The ROE’s training room has been booked 8 of the past 10 business days with workshops and Administrator Academies.  Yes, it is a busy time of year with teacher license renewal and administrators taking their required yearly academy, but what data is even more shocking is that of the 8 trainings 4 of them were 100% focused on the teacher evaluation process!! 

For the past 2 weeks my life has been about preparing for and delivering trainings pertaining to the teacher evaluation process and requirements – even my dinner table discussions with my husband, not in education, pertained to the evaluation cycle as he overheard a video I use during my trainings as I was reviewing my content on our way home from Wisconsin last weekend!! Haha…the life of an educator’s spouse 🙂 

Why is so much time and energy being devoted to what has now become such a routine part of an educators’ life? The short answer to that question is easy, in 2010, Gov. Pat Quinn signed the Performance Evaluation Reform Act (PERA), which requires all schools in Illinois to change how teachers’ and principals’ performance is measured and since 2010 law has continued to change, contracts with companies for training assessments have expired, etc.  But the more intriguing and often debated answer, “….teacher evaluations are at the very center of the education enterprise and can be catalysts for teacher and school improvement.” (Ascd. “Fixing Teacher Evaluation.” Fixing Teacher Evaluation – Educational LeadershipMany might be asking why is this debated?  Others scoff and roll their eyes at the mere idea of teacher evaluations…so why this mixed response?!?!?

Throughout many conversations, and honestly my own experiences, the evaluation process often feels like something that is being done to teachers, not in collaboration with them.  Evaluations shouldn’t feel like a “gotcha” but rather to facilitate an ongoing dialogue which provides constructive & supportive feedback, to improve professional practice, which will increase student learning.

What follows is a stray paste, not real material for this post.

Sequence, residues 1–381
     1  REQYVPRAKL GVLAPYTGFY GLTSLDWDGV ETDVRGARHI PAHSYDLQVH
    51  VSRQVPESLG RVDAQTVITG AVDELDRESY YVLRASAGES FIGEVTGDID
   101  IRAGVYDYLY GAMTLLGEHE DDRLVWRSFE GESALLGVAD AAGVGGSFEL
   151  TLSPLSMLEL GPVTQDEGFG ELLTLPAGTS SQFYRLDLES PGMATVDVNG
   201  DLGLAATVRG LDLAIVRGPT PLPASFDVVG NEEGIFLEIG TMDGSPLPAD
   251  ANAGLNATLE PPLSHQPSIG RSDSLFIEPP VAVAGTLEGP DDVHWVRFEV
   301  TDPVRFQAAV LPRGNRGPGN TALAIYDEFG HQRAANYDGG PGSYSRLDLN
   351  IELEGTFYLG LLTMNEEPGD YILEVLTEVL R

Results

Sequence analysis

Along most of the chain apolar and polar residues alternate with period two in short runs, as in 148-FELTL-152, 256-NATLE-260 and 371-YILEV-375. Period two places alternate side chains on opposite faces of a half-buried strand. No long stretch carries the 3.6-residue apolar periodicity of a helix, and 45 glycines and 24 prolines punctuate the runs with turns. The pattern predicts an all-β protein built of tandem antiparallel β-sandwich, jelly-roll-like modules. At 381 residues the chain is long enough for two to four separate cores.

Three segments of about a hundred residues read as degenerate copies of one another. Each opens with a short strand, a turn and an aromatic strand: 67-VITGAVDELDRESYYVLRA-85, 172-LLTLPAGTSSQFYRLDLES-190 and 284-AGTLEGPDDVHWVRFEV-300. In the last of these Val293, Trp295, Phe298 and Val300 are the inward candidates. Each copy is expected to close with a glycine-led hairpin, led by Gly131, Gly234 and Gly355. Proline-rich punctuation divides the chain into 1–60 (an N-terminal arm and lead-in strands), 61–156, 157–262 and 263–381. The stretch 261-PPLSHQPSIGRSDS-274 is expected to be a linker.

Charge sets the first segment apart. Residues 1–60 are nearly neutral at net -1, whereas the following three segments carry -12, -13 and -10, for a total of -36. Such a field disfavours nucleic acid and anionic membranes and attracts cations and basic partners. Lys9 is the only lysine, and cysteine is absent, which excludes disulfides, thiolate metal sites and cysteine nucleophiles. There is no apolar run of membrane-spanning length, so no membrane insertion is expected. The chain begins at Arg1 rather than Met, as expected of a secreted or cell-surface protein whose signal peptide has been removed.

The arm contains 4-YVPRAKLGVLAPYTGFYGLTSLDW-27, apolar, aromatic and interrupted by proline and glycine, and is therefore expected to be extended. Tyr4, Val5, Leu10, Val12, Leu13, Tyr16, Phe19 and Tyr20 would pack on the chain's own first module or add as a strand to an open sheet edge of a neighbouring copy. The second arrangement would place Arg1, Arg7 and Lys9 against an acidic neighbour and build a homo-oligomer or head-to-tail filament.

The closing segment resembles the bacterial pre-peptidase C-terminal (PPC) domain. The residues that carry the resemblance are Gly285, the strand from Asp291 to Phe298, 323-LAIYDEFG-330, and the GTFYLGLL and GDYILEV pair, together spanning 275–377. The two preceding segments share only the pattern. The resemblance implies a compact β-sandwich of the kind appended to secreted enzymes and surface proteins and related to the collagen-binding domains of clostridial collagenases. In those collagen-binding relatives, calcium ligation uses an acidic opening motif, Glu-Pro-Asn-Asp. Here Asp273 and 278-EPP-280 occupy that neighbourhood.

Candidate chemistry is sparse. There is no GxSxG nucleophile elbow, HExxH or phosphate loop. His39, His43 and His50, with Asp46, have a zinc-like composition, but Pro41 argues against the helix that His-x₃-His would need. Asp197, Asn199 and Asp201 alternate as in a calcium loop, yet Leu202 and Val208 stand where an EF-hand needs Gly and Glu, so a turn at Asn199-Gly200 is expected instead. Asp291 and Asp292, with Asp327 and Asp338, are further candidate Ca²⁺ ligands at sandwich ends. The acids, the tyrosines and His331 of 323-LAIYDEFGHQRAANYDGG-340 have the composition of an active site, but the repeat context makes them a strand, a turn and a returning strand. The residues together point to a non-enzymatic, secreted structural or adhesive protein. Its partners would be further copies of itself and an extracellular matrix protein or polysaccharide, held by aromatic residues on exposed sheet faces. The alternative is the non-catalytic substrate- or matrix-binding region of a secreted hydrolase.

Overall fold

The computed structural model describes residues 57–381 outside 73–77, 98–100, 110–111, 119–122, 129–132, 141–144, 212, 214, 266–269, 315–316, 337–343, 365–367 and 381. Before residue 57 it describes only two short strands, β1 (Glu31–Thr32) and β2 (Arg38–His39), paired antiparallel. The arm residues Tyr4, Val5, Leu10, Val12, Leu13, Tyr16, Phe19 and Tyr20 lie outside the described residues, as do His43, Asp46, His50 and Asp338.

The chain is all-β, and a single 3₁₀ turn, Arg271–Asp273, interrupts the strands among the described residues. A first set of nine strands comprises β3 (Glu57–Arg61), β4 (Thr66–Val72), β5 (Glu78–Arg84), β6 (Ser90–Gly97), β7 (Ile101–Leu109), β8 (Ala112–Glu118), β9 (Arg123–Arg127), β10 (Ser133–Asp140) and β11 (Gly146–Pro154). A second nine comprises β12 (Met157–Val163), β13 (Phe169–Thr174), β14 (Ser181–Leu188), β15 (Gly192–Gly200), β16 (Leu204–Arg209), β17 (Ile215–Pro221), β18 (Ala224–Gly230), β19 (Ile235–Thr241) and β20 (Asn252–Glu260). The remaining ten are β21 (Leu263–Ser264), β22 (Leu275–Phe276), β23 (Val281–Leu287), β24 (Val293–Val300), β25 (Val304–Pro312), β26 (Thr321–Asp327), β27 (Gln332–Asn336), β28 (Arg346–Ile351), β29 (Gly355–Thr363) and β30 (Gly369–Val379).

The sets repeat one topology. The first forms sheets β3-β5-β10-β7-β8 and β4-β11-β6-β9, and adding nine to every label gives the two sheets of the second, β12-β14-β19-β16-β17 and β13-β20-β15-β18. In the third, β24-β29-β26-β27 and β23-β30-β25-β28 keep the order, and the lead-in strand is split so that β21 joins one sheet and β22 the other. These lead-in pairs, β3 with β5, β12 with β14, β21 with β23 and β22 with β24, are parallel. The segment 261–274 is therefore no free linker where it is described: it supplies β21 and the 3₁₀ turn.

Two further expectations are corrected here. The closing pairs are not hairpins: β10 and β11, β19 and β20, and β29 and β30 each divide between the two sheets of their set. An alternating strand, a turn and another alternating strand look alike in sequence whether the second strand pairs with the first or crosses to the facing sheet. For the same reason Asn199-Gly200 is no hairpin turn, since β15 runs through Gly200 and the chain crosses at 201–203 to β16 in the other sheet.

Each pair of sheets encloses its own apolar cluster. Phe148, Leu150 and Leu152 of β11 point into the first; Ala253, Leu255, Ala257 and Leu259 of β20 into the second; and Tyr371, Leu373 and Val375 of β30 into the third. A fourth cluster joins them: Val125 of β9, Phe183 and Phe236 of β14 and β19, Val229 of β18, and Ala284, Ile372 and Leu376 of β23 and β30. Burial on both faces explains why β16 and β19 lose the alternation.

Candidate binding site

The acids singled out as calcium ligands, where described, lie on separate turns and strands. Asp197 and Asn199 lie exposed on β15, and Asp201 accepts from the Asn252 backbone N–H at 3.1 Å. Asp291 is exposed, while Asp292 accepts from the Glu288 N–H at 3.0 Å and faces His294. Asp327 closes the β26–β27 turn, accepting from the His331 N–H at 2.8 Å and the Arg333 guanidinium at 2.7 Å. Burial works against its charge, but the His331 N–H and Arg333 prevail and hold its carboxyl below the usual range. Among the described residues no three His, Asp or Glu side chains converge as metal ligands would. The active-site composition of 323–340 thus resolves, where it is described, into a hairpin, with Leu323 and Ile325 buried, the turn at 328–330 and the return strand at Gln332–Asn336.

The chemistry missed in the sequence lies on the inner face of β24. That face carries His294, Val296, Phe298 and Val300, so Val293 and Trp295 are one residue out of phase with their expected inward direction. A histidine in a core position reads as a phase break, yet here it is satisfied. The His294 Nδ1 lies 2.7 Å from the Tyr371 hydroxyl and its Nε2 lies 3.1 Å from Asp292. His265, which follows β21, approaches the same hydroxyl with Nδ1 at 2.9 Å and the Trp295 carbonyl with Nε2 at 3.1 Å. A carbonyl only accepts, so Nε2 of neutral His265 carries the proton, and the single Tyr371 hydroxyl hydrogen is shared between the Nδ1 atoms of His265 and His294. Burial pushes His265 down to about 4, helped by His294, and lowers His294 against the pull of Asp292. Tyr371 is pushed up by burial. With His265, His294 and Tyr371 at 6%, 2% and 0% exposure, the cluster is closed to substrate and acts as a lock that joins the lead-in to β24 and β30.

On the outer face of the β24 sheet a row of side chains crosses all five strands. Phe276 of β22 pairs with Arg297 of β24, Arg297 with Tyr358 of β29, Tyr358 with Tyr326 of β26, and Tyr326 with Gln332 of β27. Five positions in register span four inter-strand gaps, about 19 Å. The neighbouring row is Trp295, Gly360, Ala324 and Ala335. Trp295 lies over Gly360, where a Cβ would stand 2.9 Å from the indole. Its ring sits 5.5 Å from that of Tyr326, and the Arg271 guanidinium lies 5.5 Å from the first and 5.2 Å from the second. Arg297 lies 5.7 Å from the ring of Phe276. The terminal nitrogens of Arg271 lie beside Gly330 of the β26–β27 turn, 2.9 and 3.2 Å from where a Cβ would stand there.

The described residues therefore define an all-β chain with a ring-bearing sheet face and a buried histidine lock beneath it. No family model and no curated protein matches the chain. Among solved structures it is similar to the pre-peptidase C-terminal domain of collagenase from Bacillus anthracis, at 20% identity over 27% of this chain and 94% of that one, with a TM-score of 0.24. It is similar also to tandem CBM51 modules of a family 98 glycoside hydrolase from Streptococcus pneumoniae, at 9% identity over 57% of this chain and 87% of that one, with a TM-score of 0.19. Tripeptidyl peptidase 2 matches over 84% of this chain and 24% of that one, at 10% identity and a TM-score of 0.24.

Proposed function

When evaluations are conducted in collaboration with the teacher the evaluation cycle becomes collaborative and beneficial; however, it takes practice and time on behalf of the evaluators to ensure the process supports student learning and doesn’t just check a box for a requirement.

As the graphic shows, evaluations are time-intensive.  From personal experience, as a past evaluator, I can speak to this as I would spend countless hours on my living room floor at night after my daughter would go to bed analyzing my evidence, organizing and aligning it to the Danielson Framework and then preparing for pre/post conferences.  As I prefer the role of the coach I had to be very mindful about the questions I prepared to ask during the post observation to ensure the cycle was beneficial for my teachers and would result in a change of instructional practice, stronger student/teacher relationships, or future professional learning, but this took valuable time!  Don’t get me wrong my staff and students were worth it but I was burnt out on the cycle and come February I am sure I wasn’t giving as much sincere plan time as I had started with when evaluation season started in September!